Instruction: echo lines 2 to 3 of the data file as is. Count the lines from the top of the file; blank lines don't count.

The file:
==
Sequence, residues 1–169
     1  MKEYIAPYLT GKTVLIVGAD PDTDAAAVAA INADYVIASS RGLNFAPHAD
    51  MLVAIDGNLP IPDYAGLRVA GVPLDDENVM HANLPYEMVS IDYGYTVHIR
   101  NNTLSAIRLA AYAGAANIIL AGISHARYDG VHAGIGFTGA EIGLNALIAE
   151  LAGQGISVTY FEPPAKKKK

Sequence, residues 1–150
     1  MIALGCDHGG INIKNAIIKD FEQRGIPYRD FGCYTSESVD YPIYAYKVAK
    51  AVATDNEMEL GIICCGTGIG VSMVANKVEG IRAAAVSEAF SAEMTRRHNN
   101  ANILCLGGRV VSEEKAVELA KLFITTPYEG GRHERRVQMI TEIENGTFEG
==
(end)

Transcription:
     1  MKEYIAPYLT GKTVLIVGAD PDTDAAAVAA INADYVIASS RGLNFAPHAD
    51  MLVAIDGNLP IPDYAGLRVA GVPLDDENVM HANLPYEMVS IDYGYTVHIR